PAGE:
In common with many countries around the world, the UK Government has recently focused on updating its national cybersecurity objectives and strategies. In particular, there have been two new and significant policy announcements; one focused on the use of cyber power in support of national goals, and another setting out plans to more effectively protect public sector organisations from the impact of cyber attack
The UK National Cyber Strategy for 2022, outlined government plans to “. . . ensure that the UK continues to be a leading responsible and democratic cyber power.” This is a wide-ranging assessment focusing on the need to improve cyber resilience, embrace technology advantages and advance UK global leadership to – among other priorities – disrupt and deter adversaries.
Technology is at the heart of this strategy, and the report highlights a range of key innovations that will be prioritised as part of the government’s efforts – it includes but isn’t limited to: 5G and 6G, Artificial Intelligence (AI), and blockchain.
Meanwhile, the government has also published its ‘Cyber Security Strategy: 2022 to 2030’, which aims to ensure all public sector organisations are “resilient to known vulnerabilities and attack methods no later than 2030.”
This is an ambitious and important aim, and the document acknowledges that “ . . . there remains a significant gap between where government cyber resilience is now and where it needs to be. This gap is brought into sharp focus by the sheer volume of cyber attacks that the government sector experiences, and the evolving capabilities and techniques of the broad range of malicious actors conducting them.”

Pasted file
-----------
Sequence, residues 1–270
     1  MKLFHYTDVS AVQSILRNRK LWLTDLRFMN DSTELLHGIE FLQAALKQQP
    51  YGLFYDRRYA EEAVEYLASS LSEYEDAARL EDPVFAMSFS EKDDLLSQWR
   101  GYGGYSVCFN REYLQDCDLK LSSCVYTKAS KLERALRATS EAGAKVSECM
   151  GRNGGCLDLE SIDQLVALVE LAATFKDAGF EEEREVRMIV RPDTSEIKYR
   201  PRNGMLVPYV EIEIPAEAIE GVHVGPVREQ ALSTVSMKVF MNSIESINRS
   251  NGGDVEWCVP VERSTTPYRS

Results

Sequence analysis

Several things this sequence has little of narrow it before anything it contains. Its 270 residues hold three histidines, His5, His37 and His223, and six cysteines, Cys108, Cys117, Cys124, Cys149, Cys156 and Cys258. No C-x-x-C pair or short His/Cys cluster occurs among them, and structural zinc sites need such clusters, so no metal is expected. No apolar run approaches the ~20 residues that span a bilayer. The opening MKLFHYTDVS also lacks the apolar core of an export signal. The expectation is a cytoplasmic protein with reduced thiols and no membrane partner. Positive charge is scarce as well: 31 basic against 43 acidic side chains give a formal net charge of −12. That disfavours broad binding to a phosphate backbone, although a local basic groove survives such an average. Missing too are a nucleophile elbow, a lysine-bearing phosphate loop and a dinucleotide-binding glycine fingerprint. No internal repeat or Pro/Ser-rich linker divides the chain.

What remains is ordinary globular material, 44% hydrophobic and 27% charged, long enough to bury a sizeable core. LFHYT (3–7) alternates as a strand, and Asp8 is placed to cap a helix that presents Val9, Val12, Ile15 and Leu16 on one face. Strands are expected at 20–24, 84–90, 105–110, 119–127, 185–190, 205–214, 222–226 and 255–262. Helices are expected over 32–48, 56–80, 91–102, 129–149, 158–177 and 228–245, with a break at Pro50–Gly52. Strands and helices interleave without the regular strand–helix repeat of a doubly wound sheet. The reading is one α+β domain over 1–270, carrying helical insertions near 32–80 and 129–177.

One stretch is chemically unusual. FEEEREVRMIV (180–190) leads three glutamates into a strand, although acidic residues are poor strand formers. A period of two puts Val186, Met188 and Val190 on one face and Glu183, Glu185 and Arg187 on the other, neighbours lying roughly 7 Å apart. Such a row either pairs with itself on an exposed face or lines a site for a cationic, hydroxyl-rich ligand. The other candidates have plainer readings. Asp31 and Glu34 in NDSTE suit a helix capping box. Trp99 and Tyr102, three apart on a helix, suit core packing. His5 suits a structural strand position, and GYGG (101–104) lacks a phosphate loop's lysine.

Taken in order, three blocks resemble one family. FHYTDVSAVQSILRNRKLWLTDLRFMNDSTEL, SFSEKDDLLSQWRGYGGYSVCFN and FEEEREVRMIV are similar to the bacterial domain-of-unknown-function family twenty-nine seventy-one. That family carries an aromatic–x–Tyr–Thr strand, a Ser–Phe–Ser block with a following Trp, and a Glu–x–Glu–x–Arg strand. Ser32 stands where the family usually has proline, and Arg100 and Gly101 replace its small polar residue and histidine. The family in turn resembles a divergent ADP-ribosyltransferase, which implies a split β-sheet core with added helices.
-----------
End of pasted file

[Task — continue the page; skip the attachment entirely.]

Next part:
These policy announcements are the latest in what is becoming a series of public statements setting out the UK government position on these key issues. Back in December, for example, intelligence and cybersecurity representatives from the UK and US reaffirmed a joint commitment to disrupt and deter new and emerging cyber threats.
This followed annual bi-lateral discussions between representatives from Government Communications Headquarters (GCHQ), the National Security Agency (NSA), and the US Cyber Command.
A joint statement issued at the time said that the “ . . . strategic engagement in cyberspace is crucial to defending our way of life, by addressing these evolving threats with a full range of capabilities. To carry this out, we will continue to adapt, innovate, partner, and succeed against evolving threats in cyberspace.”
As seen in other countries – particularly the US – high profile criminal and nation-state attacks on government networks, private companies and critical infrastructure have prompted authorities to act. The acid test will be whether these plans can ensure those targeted are in a better position to proactively protect their systems and data in the years ahead.